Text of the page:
Hair Raises Shubert Season
by Florence Johnson
Unknown New Haven, CT Newspaper - circa September 12, 1971

To see the playbill and ticket stubs from the performance this review talks about click here.

The new season at the Shubert Theater opened Thursday night when the Mercury Company brought back Hair, classified as "the American Tribal Love-Rock Musical."

An international sensation since it was produced a few seasons ago, Hair is acclaimed particularly for its rock music by Galt MacDermot whose rousing rhythms set the pace for this wildly vigorous theater offering.  The large cast of both blacks and whites boasts of many excellent solo voices as well as an excellently trained chorus.  If now and then the rock band's electronic music is too loudly amplified, it can be excused on the premise that the band as well as the actors is carried away with the excitement of the action.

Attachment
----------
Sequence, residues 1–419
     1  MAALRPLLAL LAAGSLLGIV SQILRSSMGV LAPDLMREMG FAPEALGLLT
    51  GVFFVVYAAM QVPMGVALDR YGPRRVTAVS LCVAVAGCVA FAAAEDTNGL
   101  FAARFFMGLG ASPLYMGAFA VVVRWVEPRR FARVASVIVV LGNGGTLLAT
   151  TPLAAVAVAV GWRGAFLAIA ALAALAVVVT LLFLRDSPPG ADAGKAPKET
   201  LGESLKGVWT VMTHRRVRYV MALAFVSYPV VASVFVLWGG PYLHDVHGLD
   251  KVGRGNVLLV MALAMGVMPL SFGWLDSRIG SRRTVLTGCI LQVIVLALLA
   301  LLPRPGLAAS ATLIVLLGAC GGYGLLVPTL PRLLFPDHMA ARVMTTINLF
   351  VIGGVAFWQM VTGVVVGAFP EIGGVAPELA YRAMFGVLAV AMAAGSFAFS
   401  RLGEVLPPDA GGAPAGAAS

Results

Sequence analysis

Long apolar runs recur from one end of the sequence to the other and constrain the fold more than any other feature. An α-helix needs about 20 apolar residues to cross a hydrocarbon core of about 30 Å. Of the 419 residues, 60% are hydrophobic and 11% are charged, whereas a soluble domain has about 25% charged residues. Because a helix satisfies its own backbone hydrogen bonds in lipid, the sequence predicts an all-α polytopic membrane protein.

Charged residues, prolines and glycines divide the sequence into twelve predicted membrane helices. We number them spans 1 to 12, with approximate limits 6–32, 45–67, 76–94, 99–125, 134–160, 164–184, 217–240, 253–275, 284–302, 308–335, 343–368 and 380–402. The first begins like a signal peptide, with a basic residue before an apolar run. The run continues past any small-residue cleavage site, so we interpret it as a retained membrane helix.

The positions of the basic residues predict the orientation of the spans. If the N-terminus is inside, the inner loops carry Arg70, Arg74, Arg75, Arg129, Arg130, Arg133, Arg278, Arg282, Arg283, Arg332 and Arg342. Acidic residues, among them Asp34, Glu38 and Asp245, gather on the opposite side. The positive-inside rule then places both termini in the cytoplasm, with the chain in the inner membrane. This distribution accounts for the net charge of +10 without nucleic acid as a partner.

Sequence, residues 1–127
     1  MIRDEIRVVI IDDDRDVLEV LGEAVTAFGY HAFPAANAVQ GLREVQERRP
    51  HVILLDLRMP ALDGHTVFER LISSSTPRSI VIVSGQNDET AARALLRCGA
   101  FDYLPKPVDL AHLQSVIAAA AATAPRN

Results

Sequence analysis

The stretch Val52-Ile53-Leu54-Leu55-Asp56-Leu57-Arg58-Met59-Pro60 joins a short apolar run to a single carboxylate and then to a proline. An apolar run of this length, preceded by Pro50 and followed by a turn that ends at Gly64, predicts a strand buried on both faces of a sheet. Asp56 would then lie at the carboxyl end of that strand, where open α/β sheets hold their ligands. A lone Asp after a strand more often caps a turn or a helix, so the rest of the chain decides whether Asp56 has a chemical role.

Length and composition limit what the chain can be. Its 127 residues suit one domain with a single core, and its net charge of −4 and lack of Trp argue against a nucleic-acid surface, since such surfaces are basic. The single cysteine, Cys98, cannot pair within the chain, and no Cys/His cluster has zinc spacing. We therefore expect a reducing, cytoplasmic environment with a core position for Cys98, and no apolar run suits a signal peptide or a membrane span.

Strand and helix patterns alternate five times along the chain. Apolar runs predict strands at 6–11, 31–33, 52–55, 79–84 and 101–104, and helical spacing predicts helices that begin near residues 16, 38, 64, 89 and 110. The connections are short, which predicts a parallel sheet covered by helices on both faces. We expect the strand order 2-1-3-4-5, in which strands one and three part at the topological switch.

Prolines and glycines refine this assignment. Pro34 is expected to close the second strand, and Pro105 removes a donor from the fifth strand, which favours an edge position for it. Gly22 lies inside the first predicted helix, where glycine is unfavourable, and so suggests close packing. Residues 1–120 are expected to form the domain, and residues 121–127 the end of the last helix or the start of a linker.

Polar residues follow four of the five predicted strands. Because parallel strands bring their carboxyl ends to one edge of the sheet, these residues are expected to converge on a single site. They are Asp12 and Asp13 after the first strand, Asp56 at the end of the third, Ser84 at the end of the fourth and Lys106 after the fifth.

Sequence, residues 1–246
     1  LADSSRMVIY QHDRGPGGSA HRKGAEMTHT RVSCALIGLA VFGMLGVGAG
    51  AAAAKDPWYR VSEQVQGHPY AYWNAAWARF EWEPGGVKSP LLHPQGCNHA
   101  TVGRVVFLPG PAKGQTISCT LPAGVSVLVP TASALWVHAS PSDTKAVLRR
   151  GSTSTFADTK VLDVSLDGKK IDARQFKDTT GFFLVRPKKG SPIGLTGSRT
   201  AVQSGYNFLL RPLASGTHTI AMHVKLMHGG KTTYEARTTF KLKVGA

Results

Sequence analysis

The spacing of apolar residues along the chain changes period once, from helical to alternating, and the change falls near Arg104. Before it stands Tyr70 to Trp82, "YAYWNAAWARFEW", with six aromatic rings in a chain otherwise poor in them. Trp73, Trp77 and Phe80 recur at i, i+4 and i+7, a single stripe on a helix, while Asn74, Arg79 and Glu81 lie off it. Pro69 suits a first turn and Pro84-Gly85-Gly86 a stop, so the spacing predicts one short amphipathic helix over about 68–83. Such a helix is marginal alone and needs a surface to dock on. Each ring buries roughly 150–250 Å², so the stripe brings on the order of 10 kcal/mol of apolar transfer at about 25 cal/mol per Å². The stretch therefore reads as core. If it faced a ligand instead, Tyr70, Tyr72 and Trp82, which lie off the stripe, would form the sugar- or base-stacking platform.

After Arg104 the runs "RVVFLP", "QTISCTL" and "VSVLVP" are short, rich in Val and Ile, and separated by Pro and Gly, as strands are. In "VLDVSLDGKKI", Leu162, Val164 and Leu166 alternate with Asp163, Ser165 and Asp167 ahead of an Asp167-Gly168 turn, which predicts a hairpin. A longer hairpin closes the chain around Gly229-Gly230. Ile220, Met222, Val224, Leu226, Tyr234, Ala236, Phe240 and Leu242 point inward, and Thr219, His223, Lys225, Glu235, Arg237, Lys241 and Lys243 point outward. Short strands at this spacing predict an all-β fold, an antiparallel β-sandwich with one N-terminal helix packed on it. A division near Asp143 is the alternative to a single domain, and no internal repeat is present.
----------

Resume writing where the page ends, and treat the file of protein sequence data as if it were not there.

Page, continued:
Lyle K'Ang as a young philosopher; Doug Rowell as "Berger," the hyper-active leader of the "tribe;" Arthur Dillingham and an actor singing under the role of Kalani presented the solo parts for most of the sings with the chorus coming in for a rousing finish.

The scenes were of contemporary life with interesting variations and interpretations.  The dancing choreographed by Julie Arenal, had the young company flinging itself around the stage, sometimes on its knees or bumping along the stage on its collective bottom, but always at an extremely fast pace.  There were many scenes for many songs beginning with Kalani's introduction of Aquarius, the shows top hit.  Subjects included pot smoking, air pollution, draft evasion, the Vietnam war, induction into the armed services and of course, a big bit on sex themes.  As Claude remarked in one scene, "We're living in a psychodelic (sic) stone age" with a new kind of life just around the corner.  Hair is an experience!

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